September 28, 2006

News:  YouTube hired Suzie Reider as its Chief Marketing Officer, luring her away from CNET where she was senior VP general manager of entertainment.  (More here from

This comes on the heels of the hiring of Gideon Yu as CFO earlier this month.  Yu had been lured away from Yahoo, where he was treasurer and senior VP.

Analysis:  Just another sign that YouTube is trying to grow up.  One of the key points in Google’s evolution as a business occurred when co-founders Larry Page and Sergei Brin acquiesced — under pressure from its investors — to bringing in the experienced Eric Schmidt as CEO, luring him away from software maker Novell.  Co-founder Chad Hurley currently serves as CEO of YouTube.

Free Hug Guy and Sick Puppies on YouTube

September 28, 2006

News:  In Sydney, Australia, a guy named Juan Mann goes around the Pitt Street mall with a sign saying “Free Hugs.”  It may sound a little wacky, but apparently it became a small hit until reportedly police shut it down.  Mann organized a petition getting the necessary 10,000 signatures to continue the dispensing of free hugs to the public. 

This week, a video of the hug fest was posted on YouTube and it quickly became a huge sensation.  As of 10 a.m. today, the video had 849,691 hits and 6,149 comments. Yesterday, it was even shown on Good Morning, America.  The clip is quite slick, and synched with music from the band Sick Puppies, who authorized the use (to promote their music?).  (More from the Sydney Morning Herald

Analysis:  At first, the “Free Hug” guy sounded a little creepy to me.  After watching the video, though, I was won over.  First, it’s a slick production and that always help.  Second, when you see the interaction of the guy with all these different strangers who appear to be happy hugging with smiles on their faces, that can’t be a bad thing.  Of course, I’m assuming that what’s on the video is all a true story!

FOX News allows clips of Bill Clinton interview on YouTube

September 27, 2006

Apparently, FOX News realized that its demand to YouTube to remove Chris Wallace’s heated interview with Bill Clinton from YouTube’s site made no sense at all.  Webloggin reports that his and other removed clips of the Clinton interview were restored on YouTube.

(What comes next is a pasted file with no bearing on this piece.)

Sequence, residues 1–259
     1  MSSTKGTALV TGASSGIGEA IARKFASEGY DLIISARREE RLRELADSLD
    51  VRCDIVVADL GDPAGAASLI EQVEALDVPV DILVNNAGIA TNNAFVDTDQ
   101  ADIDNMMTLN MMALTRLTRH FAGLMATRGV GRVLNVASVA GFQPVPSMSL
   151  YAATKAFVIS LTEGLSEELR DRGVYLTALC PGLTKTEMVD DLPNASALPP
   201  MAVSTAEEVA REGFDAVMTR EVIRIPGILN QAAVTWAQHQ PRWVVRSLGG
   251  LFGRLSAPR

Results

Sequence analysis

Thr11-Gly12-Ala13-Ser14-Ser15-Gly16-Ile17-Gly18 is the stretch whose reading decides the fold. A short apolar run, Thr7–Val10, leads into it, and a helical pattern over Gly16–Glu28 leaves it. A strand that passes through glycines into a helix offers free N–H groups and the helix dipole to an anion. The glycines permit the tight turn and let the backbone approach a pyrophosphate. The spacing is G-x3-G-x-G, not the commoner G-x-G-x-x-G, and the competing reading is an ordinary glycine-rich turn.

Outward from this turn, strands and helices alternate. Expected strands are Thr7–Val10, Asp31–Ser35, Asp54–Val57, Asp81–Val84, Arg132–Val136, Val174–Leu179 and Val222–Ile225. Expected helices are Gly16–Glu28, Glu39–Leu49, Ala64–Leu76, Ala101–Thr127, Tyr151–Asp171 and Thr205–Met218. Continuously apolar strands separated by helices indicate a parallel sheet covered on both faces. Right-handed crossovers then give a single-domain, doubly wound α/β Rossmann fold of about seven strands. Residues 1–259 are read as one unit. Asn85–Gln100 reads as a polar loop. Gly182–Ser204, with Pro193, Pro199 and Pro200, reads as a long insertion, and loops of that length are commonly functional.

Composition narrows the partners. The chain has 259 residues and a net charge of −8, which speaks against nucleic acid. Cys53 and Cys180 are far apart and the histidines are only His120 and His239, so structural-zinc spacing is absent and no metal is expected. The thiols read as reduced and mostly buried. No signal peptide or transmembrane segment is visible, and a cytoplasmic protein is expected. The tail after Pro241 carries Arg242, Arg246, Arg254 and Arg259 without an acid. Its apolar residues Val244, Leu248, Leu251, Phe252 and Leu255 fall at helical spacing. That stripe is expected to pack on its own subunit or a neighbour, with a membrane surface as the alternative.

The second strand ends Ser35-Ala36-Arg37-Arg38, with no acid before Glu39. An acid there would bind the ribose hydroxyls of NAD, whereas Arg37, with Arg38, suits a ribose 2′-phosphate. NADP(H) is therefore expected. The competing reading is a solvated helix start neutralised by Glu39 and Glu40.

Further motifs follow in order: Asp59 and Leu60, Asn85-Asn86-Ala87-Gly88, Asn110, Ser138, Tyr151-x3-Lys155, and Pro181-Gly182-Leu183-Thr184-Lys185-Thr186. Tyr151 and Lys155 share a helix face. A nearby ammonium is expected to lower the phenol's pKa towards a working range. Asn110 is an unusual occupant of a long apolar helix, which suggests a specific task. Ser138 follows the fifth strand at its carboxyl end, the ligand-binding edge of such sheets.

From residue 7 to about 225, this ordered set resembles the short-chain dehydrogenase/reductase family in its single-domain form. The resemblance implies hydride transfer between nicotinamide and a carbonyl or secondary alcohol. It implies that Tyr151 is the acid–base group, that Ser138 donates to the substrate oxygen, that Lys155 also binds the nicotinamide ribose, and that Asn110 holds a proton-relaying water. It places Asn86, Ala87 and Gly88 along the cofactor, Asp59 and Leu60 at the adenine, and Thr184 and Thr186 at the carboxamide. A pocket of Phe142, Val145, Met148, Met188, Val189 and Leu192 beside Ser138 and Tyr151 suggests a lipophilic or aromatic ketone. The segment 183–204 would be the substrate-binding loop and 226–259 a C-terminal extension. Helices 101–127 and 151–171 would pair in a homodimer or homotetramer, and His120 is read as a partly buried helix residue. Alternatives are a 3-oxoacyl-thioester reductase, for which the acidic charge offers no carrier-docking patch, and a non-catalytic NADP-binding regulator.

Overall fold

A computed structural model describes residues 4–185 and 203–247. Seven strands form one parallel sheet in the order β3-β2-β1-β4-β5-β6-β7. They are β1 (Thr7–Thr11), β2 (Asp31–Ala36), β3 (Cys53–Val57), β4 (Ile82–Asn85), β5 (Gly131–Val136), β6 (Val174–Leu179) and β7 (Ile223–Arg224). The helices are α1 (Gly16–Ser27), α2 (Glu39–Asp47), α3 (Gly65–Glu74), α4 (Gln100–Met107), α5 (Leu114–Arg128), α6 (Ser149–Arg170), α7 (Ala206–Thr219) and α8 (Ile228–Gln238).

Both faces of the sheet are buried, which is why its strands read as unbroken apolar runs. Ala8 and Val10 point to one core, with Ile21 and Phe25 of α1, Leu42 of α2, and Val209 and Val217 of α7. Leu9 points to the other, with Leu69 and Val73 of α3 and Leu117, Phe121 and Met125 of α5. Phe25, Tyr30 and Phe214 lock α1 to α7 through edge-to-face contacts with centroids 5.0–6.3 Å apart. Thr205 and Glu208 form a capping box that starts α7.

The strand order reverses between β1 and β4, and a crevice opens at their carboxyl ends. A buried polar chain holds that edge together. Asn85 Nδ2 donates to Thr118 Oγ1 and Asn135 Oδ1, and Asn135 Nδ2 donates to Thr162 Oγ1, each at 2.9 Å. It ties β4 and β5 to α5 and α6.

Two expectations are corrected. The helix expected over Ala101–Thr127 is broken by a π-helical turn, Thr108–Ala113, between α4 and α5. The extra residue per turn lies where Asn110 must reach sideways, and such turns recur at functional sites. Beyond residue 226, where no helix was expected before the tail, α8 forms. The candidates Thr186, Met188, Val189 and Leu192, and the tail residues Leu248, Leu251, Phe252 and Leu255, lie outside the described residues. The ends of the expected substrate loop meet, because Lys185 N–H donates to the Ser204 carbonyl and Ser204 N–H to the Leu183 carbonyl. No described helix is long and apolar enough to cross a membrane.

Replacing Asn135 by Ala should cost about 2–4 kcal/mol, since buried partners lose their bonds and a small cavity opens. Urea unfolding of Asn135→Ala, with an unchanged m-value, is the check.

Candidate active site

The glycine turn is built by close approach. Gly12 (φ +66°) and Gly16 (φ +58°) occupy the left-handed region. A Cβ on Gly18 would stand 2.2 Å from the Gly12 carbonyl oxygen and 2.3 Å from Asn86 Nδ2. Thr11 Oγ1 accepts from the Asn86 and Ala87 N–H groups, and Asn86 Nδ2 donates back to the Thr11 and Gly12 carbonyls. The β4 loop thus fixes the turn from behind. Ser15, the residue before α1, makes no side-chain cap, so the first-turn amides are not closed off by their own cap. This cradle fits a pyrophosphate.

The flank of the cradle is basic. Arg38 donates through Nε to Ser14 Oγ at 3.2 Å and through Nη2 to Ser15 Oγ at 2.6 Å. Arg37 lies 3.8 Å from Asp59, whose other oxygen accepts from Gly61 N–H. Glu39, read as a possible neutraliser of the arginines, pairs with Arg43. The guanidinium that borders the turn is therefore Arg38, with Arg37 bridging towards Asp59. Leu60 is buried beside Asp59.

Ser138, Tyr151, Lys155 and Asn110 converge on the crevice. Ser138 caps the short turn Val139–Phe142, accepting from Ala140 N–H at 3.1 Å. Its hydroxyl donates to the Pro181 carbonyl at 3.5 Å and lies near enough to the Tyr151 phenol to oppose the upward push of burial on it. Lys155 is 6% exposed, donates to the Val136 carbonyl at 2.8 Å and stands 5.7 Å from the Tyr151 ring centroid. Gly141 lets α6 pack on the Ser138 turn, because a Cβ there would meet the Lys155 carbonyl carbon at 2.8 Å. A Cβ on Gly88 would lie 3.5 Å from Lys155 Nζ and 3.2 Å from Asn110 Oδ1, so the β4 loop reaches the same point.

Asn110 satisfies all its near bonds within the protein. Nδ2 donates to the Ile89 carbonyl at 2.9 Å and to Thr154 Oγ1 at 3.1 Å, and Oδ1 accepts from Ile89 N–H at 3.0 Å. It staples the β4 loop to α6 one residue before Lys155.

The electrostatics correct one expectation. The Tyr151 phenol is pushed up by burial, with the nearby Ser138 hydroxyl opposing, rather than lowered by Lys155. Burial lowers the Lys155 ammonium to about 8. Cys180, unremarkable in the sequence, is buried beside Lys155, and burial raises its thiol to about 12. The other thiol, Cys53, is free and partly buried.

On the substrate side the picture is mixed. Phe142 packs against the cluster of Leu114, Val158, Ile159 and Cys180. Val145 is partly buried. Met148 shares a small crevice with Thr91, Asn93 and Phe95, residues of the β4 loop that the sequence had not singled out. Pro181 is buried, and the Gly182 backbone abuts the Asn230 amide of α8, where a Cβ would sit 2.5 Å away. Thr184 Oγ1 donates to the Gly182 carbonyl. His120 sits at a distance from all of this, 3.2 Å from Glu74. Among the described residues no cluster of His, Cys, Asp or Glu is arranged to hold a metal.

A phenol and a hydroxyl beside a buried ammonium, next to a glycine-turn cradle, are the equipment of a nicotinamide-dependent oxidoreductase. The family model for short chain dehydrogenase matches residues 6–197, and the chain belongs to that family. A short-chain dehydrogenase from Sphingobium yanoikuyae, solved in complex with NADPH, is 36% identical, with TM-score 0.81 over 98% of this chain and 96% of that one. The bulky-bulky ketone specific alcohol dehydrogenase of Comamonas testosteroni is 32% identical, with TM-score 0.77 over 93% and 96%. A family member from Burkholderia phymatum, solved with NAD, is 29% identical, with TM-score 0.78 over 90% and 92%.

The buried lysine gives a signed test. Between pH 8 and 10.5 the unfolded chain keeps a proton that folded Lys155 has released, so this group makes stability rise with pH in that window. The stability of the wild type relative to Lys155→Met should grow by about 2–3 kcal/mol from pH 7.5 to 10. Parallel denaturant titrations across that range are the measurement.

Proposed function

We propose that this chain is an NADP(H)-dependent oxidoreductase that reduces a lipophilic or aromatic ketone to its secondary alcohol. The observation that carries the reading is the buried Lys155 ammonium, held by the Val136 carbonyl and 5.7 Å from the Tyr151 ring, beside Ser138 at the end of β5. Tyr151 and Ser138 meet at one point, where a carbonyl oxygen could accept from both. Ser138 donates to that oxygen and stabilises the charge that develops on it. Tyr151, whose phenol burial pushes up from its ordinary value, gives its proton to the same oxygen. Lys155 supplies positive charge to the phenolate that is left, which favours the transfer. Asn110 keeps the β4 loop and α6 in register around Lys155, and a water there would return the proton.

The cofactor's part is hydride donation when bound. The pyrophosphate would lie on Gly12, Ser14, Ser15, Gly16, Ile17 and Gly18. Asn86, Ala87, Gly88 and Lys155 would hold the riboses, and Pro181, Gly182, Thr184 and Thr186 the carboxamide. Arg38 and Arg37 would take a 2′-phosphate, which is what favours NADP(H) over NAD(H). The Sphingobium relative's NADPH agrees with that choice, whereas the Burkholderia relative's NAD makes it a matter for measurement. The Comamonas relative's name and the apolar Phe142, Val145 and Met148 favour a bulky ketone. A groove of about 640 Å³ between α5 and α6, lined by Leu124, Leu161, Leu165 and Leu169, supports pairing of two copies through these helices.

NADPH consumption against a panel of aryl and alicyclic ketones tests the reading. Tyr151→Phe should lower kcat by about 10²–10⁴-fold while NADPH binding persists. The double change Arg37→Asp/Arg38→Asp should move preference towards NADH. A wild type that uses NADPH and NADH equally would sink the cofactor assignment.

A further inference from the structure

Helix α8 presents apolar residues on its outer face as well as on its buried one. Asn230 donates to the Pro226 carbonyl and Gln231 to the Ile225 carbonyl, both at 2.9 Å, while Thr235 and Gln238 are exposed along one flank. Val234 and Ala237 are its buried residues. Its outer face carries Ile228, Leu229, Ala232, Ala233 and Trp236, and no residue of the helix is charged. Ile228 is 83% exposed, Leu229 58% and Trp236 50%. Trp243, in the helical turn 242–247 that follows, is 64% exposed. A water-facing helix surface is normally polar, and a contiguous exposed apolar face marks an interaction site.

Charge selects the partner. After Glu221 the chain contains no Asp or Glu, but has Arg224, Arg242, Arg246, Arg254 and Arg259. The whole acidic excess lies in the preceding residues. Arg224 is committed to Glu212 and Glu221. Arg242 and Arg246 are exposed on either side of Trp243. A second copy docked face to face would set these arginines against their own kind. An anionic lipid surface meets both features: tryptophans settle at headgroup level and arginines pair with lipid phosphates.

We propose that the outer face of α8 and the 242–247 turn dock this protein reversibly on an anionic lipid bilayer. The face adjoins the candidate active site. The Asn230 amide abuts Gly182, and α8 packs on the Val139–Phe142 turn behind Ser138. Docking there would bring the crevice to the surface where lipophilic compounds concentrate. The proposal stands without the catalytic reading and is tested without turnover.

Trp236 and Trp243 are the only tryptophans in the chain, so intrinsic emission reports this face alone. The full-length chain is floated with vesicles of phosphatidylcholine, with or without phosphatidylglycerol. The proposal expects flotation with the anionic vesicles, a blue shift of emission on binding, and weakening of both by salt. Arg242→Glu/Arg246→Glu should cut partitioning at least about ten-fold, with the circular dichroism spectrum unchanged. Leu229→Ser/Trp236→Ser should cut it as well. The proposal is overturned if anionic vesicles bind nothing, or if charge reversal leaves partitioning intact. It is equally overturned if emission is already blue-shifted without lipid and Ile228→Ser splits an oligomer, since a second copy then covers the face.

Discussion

As I reported yesterday here, I think it only helps FOX News to have this much-talked-about video surfacing all over the Internet, even on sites that haven’t asked for permission.  There’s no better way to create buzz for the FOX News division.  And there’s nothing in the Copyright Act that says the copyright owner can’t impliedly consent to such uses.

Maybe MySpace did not beat YouTube, after all

September 27, 2006

News:  Several commentators have posited explanations for why MySpace may have come out of head in a survey of the number of streamed videos from its site, even over YouTube.  I discussed the comScore survey here. 

Loren Baker of Search Engine Journal points out: (1) MySpace automatically streams video upon entry to a user’s page, meaning that if a friend visits your MySpace page several times a day, the videos will stream each time.  (2) a recent study of number of hits placed YouTube first, with 45.45%, and MySpace videos second, with 22.99%

Perhaps more importantly, Baker concludes:  “Regardless, Google, Yahoo and MSN still trail behind newcomers MySpace and YouTube in one or more studies, which should have the major media outlets and search engines looking for ways to plan to do battle with these new media outlets.”

Analysis:  Baker’s explanation of the comScore survey seems fairly persuasive.  To the extent MySpace allows automatic streaming without the need for the user to click on a video, that would raise the possibility of an inflated number of streamed videos.   

Video of Bill Clinton going ballistic on FOX’s Chris Wallace

September 27, 2006